Francys Sánchez

Social Manager

Francys is in charge of building safe spaces in her community in Maracay, Venezuela, where she also leads a house church. As a migrant in Bogota, she learned CV’s work-model and is now working in the restoration of the social fabric in her local community back in the Aragua province.

Paola Pineda

Strategic Direction Assistant

Paola scans vulnerability patterns and develops tools to sistematize the information. She also designs models for long-term, sustainable solutions.

Jota

Strategic Director

Jota connects FCV’s mission to local and global resources that make possible for the programs to grow. He also leads the sustainable growth of the vision. His vision sets the mark for the work of the team.

Juan David Enciso

Consultant

Juan David imagines the most effective strategies to achieve the goal of building up a community that is interdependent, self-sustainable and transformational.

Albert Mogollón

Social Manager

Albert spends the day to day with our Cousins, leading the job skills training activities, which are also part of their emotional healing process. As a professional rock climber, Albert knows what it means to work hard towards a goal and to overcome obstacles.

Liber Alturo

Executive Direction Assistant

Liber oversees the reaction chain from idea to implementation, including the financial, logistic and pastoral component. He is present at every gear turn.

Daniel Pérez

Executive Director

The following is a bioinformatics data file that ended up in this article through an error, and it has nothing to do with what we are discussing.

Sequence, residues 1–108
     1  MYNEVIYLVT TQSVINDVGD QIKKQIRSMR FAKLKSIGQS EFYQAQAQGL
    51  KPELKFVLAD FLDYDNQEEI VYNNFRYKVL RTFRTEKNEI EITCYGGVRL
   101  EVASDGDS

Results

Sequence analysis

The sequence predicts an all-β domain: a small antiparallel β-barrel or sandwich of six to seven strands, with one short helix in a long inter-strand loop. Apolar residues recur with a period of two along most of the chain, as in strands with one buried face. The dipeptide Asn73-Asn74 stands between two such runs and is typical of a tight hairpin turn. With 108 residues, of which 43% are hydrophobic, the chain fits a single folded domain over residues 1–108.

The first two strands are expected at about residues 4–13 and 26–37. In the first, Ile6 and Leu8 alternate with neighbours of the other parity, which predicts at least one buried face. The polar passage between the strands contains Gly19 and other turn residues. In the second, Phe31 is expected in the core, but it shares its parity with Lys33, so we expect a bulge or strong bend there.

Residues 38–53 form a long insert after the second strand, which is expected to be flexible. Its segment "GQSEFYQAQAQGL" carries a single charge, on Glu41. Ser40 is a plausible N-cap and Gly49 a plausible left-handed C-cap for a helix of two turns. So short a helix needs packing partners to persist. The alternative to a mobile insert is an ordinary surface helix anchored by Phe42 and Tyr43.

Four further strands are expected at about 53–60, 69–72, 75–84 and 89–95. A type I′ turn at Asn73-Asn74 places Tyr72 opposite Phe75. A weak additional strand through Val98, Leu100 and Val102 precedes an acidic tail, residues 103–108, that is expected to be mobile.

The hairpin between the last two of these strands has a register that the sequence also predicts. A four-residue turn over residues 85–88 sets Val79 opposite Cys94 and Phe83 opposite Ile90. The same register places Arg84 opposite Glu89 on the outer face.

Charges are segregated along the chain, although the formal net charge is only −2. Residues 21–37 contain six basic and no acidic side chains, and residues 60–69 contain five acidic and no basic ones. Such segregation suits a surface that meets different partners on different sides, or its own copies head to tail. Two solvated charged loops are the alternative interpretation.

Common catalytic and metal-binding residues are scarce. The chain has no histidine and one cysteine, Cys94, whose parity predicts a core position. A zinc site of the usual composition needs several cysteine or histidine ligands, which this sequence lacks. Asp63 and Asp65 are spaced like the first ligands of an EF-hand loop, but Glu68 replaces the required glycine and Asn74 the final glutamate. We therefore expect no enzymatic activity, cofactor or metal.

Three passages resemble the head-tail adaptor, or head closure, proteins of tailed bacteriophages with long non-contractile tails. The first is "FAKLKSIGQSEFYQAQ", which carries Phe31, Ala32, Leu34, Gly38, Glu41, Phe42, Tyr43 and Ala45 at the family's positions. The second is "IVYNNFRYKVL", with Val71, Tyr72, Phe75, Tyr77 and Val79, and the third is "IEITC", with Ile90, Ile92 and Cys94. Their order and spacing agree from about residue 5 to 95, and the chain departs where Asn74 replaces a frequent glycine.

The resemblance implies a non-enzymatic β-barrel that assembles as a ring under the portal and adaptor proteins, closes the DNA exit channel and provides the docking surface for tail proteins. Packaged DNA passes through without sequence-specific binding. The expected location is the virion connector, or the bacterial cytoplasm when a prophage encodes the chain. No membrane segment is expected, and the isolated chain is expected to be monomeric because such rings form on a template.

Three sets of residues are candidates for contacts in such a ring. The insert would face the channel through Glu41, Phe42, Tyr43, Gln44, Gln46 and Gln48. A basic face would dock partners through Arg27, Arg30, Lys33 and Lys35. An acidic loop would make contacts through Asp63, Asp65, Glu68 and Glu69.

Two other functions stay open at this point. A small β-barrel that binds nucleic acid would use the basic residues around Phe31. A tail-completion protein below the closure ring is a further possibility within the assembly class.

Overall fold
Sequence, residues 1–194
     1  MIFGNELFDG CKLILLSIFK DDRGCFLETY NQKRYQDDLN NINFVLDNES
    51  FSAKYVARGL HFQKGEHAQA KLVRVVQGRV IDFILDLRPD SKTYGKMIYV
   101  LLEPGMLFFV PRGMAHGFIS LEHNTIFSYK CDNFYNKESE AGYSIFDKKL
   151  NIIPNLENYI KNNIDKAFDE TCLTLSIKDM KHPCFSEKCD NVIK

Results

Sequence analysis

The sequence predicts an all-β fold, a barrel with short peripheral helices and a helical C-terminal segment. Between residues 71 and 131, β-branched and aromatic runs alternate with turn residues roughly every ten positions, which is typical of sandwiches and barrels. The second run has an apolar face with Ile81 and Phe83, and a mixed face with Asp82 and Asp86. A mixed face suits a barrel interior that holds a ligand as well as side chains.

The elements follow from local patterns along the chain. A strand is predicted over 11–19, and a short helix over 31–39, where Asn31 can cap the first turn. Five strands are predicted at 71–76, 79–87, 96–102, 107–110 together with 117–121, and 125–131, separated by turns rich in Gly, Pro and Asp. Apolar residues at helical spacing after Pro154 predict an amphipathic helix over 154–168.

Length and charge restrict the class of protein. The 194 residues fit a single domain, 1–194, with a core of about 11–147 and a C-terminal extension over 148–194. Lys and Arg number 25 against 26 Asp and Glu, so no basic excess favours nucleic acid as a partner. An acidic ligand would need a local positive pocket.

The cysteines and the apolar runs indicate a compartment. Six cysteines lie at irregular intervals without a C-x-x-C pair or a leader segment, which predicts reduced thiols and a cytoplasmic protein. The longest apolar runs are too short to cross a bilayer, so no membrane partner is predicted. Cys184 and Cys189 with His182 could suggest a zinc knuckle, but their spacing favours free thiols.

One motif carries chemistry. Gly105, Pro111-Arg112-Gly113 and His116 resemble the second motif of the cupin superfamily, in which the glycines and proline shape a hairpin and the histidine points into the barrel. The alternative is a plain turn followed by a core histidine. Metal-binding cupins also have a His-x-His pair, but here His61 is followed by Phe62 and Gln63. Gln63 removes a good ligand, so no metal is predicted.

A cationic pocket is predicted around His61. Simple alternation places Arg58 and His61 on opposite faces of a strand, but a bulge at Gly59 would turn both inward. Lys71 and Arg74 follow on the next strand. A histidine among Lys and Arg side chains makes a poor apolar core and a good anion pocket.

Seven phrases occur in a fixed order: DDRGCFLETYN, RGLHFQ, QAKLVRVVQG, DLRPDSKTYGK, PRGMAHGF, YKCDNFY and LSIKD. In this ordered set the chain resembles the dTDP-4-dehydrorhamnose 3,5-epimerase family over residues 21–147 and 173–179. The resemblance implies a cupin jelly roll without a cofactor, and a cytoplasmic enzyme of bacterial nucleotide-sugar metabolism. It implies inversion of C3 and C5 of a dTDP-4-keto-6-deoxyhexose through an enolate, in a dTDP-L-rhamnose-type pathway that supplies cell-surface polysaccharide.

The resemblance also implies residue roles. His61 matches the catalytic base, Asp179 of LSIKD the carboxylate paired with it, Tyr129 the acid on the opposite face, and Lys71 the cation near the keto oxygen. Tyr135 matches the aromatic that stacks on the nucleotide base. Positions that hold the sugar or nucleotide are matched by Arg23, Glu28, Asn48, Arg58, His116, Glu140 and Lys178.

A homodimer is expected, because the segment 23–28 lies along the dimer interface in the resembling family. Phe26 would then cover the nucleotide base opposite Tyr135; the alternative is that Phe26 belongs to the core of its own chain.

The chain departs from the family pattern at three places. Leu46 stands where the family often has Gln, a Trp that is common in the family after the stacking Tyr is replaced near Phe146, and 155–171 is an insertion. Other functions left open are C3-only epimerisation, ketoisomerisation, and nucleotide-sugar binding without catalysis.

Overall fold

Daniel connects the multiple fronts of the Foundation so that it runs as a well-oiled machine. He shepherds our Cousins and the faith communities surrounding them.

Santiago Leiva

Social Manager

Santiago develops and teaches pedagogic content for the academic skills training of our cousins. He also accompanies specific processes of our cousins.

Janneth Parrado

Social Manager

Janneth detects needs and comes up with ideas and strategies to solve them, involving local community resources. She is a TBRI® Certified Practitioner who designs and implements contents for the emotional skills training of our cousins.

Martha Coral

Resource Center Coordinator

Martha makes sure each cousin has what they need in terms of health insurance, housing, employment, etc., as they transition from an institutional life to an independent one. She is the first-aid filter to go from vulnerability to primary care.

Leidy Salamanca

Social Manager

Leidy is a TBRI® Certified Practitioner who runs the Cousins’ interviews upon entering the program. She also does the follow-up to each process and outlines intervention routes for each individual case.

Ginny Harder

Life-Process Director

Ginny sees to it that the integration of the SALE component of our strategy (Social, Academic, Work-skills and Emotional/Spiritual) runs smooth and updated. She is also in charge of the implementation of the TBRI® model (Trust-Based Relational Intervention), of which she is a Certified Practitioner.

OUR BOARD OF DIRECTORS

Ryan Cain, Luisa Valero, Dave Broucek, Hillary Merwin, Ken Massey, Gary Monds, Jorge Enciso